Schapiro: ‘Real, visible success’ in push for more diversity

Patrick Svitek, Managing Editor

University President Morton Schapiro said Tuesday there has been “real, visible success” in creating a more diverse community at Northwestern, but the school still has work to do.

“Creating an inclusive campus is difficult,” Schapiro said during the first of two annual forums called “Conversations with the President.” “I don’t think anybody does a particularly better job than we do, but we don’t actually do the job that we pretend to.”

Speaking on the Chicago campus, Schapiro said NU makes itself look “like the UN,” or the United Nations, when trying to lure prospective students.

“That’s not the reality,” Schapiro said. “We’re not immune to all the problems of society. I’m glad we’re making some progress.”

Schapiro cited NU’s “long overdue” Bias Incident Response Team, as well as statistics showing more diversity across the board. The University admitted its most diverse undergraduate class ever last month.

Schapiro is likely to face more scrutiny on the issue when he addresses and takes questions from the undergraduate population Thursday at the McCormick Tribune Center Forum. His tenure at NU has seen several race-related controversies on the Evanston campus, including a Ski Team party that was widely criticized for its theme and a Latina student who reported she was harassed while walking home one night.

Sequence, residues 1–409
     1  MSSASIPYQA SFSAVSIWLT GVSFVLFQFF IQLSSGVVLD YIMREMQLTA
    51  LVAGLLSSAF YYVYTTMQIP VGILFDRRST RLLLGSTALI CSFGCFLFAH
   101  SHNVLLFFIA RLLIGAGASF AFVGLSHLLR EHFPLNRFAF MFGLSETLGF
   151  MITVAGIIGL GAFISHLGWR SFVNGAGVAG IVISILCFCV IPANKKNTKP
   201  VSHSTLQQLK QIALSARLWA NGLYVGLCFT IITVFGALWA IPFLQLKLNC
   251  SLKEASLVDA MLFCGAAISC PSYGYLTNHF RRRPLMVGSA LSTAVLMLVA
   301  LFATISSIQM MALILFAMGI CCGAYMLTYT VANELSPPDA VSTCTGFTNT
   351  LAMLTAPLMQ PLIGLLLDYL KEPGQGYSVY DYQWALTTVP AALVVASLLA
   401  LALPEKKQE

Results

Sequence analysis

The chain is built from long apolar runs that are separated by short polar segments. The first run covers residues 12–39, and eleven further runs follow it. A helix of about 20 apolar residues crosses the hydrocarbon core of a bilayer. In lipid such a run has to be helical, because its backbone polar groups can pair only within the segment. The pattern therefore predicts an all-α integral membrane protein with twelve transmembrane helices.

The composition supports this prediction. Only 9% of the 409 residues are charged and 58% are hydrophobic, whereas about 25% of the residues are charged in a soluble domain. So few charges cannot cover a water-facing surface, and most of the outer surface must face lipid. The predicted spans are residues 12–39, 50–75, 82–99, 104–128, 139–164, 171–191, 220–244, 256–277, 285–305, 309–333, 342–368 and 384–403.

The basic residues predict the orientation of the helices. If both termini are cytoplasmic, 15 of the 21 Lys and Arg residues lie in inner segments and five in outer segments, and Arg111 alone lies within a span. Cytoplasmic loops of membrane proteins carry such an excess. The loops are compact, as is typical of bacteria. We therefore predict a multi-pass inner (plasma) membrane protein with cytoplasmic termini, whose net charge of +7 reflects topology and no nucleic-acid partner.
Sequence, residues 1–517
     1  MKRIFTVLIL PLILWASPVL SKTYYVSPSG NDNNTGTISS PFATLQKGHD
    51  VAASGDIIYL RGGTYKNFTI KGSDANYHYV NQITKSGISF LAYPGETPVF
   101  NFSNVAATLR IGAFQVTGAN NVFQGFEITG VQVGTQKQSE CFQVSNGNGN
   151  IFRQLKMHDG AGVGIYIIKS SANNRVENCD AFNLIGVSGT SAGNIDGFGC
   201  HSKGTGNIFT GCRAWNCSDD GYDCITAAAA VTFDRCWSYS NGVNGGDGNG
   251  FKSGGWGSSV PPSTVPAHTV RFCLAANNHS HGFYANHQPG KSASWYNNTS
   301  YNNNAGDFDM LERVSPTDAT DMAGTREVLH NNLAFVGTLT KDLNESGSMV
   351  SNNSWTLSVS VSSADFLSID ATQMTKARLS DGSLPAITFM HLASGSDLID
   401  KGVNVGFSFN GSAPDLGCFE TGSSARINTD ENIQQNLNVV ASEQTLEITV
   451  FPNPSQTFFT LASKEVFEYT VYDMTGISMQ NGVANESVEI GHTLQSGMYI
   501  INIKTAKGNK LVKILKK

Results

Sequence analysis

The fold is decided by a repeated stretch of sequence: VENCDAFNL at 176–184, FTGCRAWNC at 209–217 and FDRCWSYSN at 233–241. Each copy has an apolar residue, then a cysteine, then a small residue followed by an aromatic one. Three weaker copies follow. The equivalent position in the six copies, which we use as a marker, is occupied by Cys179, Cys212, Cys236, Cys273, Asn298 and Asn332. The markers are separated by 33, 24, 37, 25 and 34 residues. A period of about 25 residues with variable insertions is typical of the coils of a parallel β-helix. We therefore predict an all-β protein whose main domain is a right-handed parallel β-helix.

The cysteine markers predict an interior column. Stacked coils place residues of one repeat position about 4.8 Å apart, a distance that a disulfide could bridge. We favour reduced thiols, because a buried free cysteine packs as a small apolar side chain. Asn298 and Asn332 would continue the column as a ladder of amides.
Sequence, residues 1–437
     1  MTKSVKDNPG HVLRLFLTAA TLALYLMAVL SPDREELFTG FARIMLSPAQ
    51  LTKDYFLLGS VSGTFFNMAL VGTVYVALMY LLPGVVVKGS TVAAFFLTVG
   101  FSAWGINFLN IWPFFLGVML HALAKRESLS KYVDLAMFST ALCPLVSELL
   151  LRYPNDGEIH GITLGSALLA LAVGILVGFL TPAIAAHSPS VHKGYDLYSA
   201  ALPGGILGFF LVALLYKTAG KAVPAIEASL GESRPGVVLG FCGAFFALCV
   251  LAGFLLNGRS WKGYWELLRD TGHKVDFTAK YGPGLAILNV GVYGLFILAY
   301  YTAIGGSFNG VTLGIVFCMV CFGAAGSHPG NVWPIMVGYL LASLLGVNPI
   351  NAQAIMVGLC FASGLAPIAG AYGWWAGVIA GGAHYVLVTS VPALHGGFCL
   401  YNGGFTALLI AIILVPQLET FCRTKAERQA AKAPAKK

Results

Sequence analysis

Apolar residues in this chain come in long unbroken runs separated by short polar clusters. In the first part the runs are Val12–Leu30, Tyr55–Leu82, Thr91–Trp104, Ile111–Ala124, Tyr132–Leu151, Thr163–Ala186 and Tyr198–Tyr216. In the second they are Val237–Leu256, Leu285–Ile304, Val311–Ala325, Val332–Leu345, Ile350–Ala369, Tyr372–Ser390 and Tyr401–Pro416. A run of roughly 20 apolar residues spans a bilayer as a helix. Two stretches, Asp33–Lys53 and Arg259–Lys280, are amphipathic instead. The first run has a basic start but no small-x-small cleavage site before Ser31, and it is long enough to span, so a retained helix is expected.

In December, maintenance worker Michael Collins said he found a black stuffed teddy bear hanging from his desk, sparking a University investigation. More than 100 students walked out of their classes to march in Collins’ name during Winter Quarter.

The University has responded over the past year by appointing three new administrators, assembling a University Diversity Council and setting up a bias-reporting portal.

“Not all of them are working, but you know what I always believe is monitoring them, trying to have quantitative metrics,” Schapiro said of the diversity initiatives. “If they’re not working, try something else. Don’t just keep throwing money at it, but try something else.”